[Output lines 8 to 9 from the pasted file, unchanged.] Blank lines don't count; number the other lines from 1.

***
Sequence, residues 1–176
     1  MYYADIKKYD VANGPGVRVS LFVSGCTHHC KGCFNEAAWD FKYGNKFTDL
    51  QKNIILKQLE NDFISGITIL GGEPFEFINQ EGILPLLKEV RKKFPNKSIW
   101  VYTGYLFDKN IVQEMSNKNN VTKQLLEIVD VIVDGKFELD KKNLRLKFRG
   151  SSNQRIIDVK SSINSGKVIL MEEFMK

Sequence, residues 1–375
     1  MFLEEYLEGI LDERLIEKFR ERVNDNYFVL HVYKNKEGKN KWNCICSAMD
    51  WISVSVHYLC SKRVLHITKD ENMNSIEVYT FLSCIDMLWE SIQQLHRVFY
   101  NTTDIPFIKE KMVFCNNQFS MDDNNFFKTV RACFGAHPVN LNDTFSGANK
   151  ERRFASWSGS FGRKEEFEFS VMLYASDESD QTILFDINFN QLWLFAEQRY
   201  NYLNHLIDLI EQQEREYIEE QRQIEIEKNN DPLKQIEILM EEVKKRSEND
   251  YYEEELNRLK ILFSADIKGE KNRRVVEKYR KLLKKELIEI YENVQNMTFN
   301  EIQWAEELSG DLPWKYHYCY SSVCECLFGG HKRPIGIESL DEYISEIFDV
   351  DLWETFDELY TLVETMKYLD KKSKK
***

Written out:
    51  WISVSVHYLC SKRVLHITKD ENMNSIEVYT FLSCIDMLWE SIQQLHRVFY
   101  NTTDIPFIKE KMVFCNNQFS MDDNNFFKTV RACFGAHPVN LNDTFSGANK